• readership surveys by the Nursing Times in 1988 and 2003. In 1988 44% of nurses expressed a willingness to be involved in the administration of lethal drugs to suffering terminally ill patients, while in 2003 (according to the journal) two thirds of nurses believed that euthanasia should be legalised.
  • 2004 qualitative research carried out by Help the Hospices, which concluded that the introduction of euthanasia legislation was seen within the hospice movement as capable of changing the ethos of hospice care for the worse and of eroding the relationship of trust between physicians, carers and patients.

The Committee's Own Postbag

230.  Between 14 July, when the invitation to offer personal views to us was issued, and 30 September we received 9,709 letters and 2,720 emails from individuals who wished to comment on the ADTI Bill. In addition, there were 1,800 stereotyped letters, proformae or letters with multiple signatures. A large number of people also signed petitions either supporting or opposing the Bill.

231.  Of the 12,429 people who wrote individual letters or emails to us, 6,284 (50.6%) supported the Bill and 6,145 opposed it. The balance of opinion is broadly the same if the stereotyped letters etc are included in the count—7,283 (51.2%) supporting and 6,946 (48.8%) opposing. Interestingly, letter-writers were more supportive of the Bill than email-senders—55.3% of them supported the Bill as against 33.6% of those who sent emails to us. Of those who sent in petitioning postcards or emails, 67,879 (including 57,765 cards addressed to the Human Rights Campaign and forwarded to the committee in bulk) favoured the Bill, while 15,374 opposed it


232.  The MRS report drew the following conclusions on the results of the surveys which it had identified and analysed. It is worth quoting at length:

"The research carried out up to this point into public and health sector attitudes to the legalisation of euthanasia is limited in value and cannot be accepted at face value as an authentic account of opinion within the United Kingdom. The subject matter is extremely complex and sensitive and therefore very challenging for anyone attempting to gain a meaningful understanding of opinion.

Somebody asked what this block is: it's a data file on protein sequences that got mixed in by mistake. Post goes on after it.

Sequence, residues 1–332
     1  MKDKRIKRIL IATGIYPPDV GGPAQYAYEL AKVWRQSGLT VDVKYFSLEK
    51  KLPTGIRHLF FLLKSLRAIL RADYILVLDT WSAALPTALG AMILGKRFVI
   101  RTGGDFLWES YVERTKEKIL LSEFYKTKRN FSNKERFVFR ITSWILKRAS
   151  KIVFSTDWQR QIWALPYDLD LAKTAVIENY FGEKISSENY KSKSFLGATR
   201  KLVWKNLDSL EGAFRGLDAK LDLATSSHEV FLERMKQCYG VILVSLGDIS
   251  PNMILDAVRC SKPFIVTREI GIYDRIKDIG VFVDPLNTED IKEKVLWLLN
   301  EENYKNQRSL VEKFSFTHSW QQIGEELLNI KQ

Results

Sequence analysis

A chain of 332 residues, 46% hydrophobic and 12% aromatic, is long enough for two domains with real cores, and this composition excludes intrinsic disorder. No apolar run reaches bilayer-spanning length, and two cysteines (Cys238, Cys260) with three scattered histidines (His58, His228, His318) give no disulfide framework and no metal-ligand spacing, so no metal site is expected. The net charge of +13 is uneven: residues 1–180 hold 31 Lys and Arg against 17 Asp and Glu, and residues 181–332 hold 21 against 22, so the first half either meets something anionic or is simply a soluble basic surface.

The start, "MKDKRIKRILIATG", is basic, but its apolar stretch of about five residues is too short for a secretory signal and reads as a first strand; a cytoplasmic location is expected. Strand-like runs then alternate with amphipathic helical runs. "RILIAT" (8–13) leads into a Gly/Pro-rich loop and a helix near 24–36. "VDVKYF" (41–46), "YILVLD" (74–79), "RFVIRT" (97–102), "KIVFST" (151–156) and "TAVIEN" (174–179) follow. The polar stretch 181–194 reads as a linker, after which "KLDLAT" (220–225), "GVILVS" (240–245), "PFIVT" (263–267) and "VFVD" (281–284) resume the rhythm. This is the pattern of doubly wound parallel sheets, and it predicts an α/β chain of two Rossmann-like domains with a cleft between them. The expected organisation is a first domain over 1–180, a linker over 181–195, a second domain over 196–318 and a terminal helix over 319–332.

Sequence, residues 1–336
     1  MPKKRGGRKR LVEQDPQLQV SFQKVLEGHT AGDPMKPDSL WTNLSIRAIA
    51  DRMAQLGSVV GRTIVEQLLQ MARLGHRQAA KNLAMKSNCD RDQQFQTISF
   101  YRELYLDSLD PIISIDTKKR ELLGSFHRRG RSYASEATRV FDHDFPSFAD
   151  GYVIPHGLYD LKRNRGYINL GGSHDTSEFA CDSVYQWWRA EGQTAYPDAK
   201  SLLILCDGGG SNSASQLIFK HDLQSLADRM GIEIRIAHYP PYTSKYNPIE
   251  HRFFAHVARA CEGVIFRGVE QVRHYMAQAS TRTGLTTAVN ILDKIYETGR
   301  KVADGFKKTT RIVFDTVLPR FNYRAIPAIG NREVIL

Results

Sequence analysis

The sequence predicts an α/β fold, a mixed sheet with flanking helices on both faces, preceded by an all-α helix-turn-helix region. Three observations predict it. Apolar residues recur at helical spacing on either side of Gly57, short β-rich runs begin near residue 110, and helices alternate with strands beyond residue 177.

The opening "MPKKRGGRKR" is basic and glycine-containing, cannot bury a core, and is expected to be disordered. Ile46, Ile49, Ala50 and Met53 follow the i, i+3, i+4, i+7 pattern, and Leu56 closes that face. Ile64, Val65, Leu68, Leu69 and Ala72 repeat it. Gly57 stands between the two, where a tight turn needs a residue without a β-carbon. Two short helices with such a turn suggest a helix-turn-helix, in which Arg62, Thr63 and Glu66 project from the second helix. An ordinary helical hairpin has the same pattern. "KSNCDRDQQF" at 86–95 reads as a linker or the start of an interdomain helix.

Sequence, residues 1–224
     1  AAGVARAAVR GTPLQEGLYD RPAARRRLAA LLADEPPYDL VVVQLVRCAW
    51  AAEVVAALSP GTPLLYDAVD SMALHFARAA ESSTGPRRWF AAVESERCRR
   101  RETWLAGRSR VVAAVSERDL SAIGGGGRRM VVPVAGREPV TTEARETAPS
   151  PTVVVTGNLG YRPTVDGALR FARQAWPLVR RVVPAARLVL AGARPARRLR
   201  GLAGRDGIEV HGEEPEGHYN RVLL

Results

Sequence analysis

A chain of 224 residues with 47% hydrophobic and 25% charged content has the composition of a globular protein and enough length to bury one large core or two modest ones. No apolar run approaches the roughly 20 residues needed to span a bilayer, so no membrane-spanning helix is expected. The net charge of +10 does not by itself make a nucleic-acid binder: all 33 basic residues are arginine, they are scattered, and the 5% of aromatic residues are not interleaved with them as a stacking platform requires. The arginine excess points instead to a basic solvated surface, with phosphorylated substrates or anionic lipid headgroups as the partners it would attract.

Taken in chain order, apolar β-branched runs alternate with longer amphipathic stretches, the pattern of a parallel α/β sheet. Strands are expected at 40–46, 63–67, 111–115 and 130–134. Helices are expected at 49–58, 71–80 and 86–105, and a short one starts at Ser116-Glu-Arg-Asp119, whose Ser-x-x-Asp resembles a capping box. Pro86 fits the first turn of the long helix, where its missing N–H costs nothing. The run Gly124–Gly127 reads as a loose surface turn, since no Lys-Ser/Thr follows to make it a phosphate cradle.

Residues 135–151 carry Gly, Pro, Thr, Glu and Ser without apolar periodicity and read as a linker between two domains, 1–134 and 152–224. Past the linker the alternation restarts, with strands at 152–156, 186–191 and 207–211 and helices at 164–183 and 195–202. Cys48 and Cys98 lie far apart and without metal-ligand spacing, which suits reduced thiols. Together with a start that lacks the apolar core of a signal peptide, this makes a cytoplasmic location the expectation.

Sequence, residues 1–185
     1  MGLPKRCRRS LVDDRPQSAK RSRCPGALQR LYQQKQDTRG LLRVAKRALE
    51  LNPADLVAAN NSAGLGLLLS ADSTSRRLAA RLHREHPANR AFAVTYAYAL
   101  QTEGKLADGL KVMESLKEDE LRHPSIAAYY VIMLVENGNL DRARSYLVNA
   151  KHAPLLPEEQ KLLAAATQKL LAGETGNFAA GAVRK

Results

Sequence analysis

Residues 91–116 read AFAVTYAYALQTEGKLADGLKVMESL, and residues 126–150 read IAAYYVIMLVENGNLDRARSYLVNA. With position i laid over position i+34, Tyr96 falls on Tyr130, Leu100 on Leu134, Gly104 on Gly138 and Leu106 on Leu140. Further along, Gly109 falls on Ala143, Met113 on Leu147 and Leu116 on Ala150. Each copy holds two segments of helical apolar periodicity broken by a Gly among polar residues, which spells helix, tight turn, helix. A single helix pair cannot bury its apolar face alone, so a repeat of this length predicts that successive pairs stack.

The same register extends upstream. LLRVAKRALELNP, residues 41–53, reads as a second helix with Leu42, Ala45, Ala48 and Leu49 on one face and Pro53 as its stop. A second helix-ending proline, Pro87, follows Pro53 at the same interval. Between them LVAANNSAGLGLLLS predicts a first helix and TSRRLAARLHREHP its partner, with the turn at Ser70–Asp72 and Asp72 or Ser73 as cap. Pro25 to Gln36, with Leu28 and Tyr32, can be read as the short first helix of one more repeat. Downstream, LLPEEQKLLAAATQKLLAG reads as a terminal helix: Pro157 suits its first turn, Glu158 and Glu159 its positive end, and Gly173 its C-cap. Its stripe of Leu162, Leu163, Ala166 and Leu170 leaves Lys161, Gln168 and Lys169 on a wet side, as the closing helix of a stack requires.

"This is particularly the case with regard to the attitudes of the general public, whose real views on euthanasia are clearly obscured by a lack of information on the subject and by the lack of opportunity to reflect in an informed way upon the implications of any change in the law for themselves and for society. The levels of agreement/disagreement with the concept of euthanasia which the numerous polls record are effectively built on what might be termed a "knee-jerk" reaction to the simple options provided by these polls and do not form a very useful guide to public opinion as support for legislative change.

"Nevertheless, the apparent groundswell in public agreement with the concept of euthanasia cannot be dismissed and it is evident that there is much sympathy at a personal level for the concept of legally releasing those wishing to die from their pain and those willing to help them from legal consequences. However, if the decisions of the Committee are to take authentic account of properly informed public opinion, a significant investment in more appropriate forms of research is undoubtedly required"[75].

233.  On the results of surveys among health sector professionals, the report goes on to say that:

"health sector professionals tend by definition to be better informed about the context and potential implications of the legalisation of euthanasia, but here again most research is superficial in coverage and only a few attempts have been made to understand the basis of the opinions of doctors and others, which from the data appear to vary in different directions over time. Here too some fresh, impartial research, again of a deliberative nature, is required in order to gain a full and useful understanding of health sector views"[76].

68   See Appendix 7, Section 2 Back

69   See Appendix 7, Section 2 Back

70   See Appendix 7, Section 3.1 Back

71   See Appendix 7, Section 3.1 Back

72   See Appendix 7, Section 4 Back

73   See Appendix 7, Section 5.1 Back

74   See Appendix 7, Section 5.1 Back

75   See Appendix 7, Section 6 Back

76   See Appendix 7, Section 6 Back